Their nuclear weapons are dispersed, in many cases in underground facilities. It is very unlikely we would get all of the weapons in a military strike.”
She also counseled caution regarding Pyongyang’s massive conventional weapons.
The former defense official said Trump likes “the ‘bloody nose’ strategy of let’s hit him hard, and then he’ll come to the table to negotiate. Imagine punching someone in the nose who has a gun to your friend’s head. Any response will be seen [by North Korea] as part of the beginning of a larger conflict [initiated by the US] to change the regime, so they are likely to react accordingly.”
She said North Korea would likely act to reduce the US’s ability to intervene and to divide US allies. North Korea could decide to “strike Japan so Japan says we don’t want any part of this. You can’t use Japanese bases.... The same could happen with South Korea.... That is the most likely outcome of any limited strike.”
Regarding Trump’s North Korea pressure campaign, she said, “The unanswered question is: a pressure campaign to do what? To create an environment for serious negotiations to take place? What do we ask for? “First, a halt to get them to stop nuclear testing and ballistic missile testing.
To get an agreement [from North Korea] not to deploy ICBMs. But opening with ‘denuclearize or else’ is not a realistic negotiating strategy,” she said.
She was then asked if this meant that the US is stuck with managing a permanently nuclear North Korea.
Flournoy responded, “That is what we need to prepare for. Is it a perfect result? No. But going to war would be” like nothing “we’ve seen since the previous Korean war. Given the high costs, we need to exhaust every option before making a decision to go to war.
“If they use a nuclear weapon, we must be prepared to take out the regime.... But should we do anything preemptively? They could destroy two countries and the Asian economy, and there could be tens of thousands of casualties.... No one in the Pentagon wants to go to war today. They are ready to deal with the problem, but they are not ready to go to war,” she said.
Following Tuesday and Wednesday’s developments of a possible breakthrough toward new North Korea-South Korea-US talks on the nuclear issue, Flournoy said, “To date, the Trump administration has focused exclusively on intensifying the pressure on North Korea through tougher sanctions, leaning on China to do more, and bolstering deterrence through military posture and exercises.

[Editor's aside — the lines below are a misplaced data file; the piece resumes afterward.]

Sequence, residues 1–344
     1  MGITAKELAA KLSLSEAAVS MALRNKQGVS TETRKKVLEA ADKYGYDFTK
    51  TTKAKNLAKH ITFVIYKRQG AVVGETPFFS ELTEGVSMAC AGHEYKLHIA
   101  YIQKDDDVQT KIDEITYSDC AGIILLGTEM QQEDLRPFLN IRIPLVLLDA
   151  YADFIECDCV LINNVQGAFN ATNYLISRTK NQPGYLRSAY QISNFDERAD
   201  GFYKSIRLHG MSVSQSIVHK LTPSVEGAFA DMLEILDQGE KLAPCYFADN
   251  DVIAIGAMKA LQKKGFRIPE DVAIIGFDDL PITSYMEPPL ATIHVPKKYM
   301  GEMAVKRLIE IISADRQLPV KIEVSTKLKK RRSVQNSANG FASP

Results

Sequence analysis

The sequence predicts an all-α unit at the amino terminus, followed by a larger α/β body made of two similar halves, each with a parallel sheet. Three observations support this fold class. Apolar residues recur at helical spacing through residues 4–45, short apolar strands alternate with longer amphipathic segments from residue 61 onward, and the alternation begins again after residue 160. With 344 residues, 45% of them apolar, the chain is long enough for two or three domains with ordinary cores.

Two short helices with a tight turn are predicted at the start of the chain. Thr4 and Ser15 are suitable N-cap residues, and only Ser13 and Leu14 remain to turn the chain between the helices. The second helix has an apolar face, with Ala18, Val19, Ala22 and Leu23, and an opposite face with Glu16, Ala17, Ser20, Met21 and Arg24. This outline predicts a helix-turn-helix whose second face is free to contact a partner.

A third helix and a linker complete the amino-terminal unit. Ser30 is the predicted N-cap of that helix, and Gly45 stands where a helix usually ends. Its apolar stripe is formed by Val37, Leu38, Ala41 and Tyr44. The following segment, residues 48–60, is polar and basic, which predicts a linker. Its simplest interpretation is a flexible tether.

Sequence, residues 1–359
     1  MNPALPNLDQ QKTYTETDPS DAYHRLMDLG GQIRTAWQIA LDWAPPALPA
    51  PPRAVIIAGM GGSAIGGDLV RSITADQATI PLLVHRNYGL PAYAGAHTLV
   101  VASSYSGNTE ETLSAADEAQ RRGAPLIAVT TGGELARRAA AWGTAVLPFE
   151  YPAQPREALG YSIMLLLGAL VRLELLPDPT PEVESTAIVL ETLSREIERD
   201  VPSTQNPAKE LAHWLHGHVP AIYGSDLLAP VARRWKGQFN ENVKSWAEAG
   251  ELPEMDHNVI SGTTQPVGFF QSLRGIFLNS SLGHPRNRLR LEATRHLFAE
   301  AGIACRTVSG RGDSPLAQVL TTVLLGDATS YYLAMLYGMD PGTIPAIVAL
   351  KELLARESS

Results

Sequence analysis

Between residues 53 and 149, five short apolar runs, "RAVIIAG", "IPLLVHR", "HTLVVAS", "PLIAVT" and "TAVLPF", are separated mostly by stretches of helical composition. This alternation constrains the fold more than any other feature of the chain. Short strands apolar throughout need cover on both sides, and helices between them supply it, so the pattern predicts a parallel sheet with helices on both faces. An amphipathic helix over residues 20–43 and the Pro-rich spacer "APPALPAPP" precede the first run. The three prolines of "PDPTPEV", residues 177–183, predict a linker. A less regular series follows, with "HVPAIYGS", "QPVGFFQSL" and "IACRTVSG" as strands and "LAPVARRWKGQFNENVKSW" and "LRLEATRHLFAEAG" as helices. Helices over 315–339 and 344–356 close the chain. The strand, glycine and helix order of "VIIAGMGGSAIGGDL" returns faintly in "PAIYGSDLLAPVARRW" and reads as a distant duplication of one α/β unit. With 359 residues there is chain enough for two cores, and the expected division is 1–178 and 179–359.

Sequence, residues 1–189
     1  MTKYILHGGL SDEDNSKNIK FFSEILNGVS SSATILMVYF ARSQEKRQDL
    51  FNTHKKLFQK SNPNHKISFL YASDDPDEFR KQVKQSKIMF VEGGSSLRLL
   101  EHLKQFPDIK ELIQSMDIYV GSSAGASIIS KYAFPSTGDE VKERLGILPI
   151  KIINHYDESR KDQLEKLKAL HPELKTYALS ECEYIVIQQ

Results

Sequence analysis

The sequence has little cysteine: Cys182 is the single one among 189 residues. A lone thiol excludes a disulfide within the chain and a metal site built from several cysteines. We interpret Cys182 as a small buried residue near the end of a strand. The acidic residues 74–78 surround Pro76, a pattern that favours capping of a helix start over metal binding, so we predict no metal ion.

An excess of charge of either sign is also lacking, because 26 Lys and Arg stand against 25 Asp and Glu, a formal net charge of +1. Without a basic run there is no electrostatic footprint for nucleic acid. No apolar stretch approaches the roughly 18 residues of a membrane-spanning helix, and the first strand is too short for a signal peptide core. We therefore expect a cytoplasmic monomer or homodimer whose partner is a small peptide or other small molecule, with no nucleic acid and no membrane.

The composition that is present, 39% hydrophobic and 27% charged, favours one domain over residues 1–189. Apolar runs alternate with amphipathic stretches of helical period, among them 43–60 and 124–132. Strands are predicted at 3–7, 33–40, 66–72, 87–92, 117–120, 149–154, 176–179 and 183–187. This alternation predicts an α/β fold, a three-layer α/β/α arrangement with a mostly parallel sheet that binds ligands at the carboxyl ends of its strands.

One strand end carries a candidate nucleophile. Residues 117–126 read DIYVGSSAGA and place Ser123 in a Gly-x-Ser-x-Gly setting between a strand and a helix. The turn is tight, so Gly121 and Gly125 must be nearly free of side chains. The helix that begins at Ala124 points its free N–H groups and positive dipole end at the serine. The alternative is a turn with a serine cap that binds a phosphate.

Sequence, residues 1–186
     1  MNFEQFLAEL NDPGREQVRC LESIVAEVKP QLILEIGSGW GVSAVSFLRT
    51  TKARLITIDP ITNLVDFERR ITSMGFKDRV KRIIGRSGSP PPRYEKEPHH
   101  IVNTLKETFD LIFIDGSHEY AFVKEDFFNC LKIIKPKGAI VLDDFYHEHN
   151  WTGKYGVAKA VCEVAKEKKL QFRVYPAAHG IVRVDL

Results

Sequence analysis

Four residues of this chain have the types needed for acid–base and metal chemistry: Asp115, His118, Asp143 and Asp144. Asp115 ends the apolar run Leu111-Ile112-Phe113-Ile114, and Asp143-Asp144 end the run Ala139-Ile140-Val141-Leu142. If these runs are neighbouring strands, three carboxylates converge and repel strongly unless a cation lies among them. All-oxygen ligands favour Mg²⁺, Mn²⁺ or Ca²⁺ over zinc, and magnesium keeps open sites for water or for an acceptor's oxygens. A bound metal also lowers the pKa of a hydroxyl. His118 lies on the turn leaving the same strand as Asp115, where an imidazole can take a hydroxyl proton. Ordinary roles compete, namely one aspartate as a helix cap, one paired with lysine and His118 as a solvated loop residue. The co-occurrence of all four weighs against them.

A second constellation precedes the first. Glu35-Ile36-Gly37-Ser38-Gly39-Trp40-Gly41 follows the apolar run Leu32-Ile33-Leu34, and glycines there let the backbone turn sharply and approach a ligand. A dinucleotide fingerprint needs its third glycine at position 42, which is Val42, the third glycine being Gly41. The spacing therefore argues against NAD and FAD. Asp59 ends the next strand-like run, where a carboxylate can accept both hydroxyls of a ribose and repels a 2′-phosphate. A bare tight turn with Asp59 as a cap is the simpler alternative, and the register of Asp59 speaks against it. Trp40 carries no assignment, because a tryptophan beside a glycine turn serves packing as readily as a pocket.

“It’s unknown whether they [the Trump team] have a sophisticated negotiating strategy for achieving US objectives.
They also need to be joined at the hip with South Korea.... How they plan to approach this critical period of diplomacy and whether they have a well-developed plan remains a mystery,” she added.
PIVOTING TO the escalating drone threat and the February incident of an Iranian drone invading Israeli airspace, she said, “it’s challenging. They are cheap. There is a lot of commercial technology. They can be used to serve military purposes fairly easily.”
While Israel’s comptroller has warned that the country is poorly prepared for the drone threat, Flournoy said the threat should be kept in perspective.
She said that a successful drone attack would have a “high psychological effect.
But unless you are using them with a nuclear device or a contagious bio-weapon, something with mass effects,” its main impact would likely be “psychologically upsetting, not necessarily causing massive actual destruction.... Most drones are small, so they can only carry a small ordnance.”
She thought that a most likely worstcase scenario – and even that, only if the IDF defenses failed – would be “a number of small explosions in downtown Tel Aviv.” Without in any way downplaying such a threat, her point was that a drone attack is not likely to cause mass casualties.
The second piece of last month’s Iranian drone event was Syria’s shooting down of an Israeli F-16 – the first such incident in three decades.
Flournoy said that, “thanks to Russia, Syrian air defense systems have become more sophisticated... so in some ways it’s not surprising.” However, she added that “the F-35 should be more survivable against those defenses, due to its stealth, intelligence, surveillance, reconnaissance and electronic warfare capabilities.”
SHIFTING FROM Syrian air defense to Israeli and US missile defense challenges, she addressed comments by nuclear expert Jeffrey Lewis to the Post that US missile defense would be highly ineffective against a North Korean nuclear missile, let alone multiple missiles at the same time.
“That is an overly negative picture....
The Pentagon is completing some new work, and a review will be coming out in a few weeks about the US’s sea-based and Alaska-based defenses, including multiple interceptor warheads on land-based interceptors,” she said.
“This will dramatically improve [missile defense] efficiency. We are doing a lot of interesting working with allies in developing more integrated missile defense. It is not ready today. This is a major area of investment,” she said.
“We are boosting our efforts to develop boost-phase interceptors to catch missiles [shortly after they have launched] as the [missile’s] booster is firing and before the missile goes into space. We have directed energy test programs. They are a couple of years away from the system being fielded. But it is very promising for the future.”
Finally, Flournoy discussed the question of why the US and Israel have sometimes advertised their cyber abilities to disable adversaries’ forces – one such time was a June 2015 ex-IDF general’s statement reported by the Post about the IDF ability to hack some Hezbollah rockets – and sometimes kept quiet. Is remaining quiet avoiding tipping their hand too far or a lack of certainty about certain cyber capabilities? “I would say a combination of the two.
If you have a solution, you won’t necessarily advertise it. Also, there’s a big difference between the general proposition of ‘it could be done,’ [and] ‘I’m actually inside their closed network and know it well enough to compromise it. I know what cyber [elements] I need to plant and know it will be effective,’” she said.
Flournoy concluded, “it is a very long way from what could be possible” to having confidence for using the abilities for real in “given circumstances at a given time – especially with closed systems like North Korea.”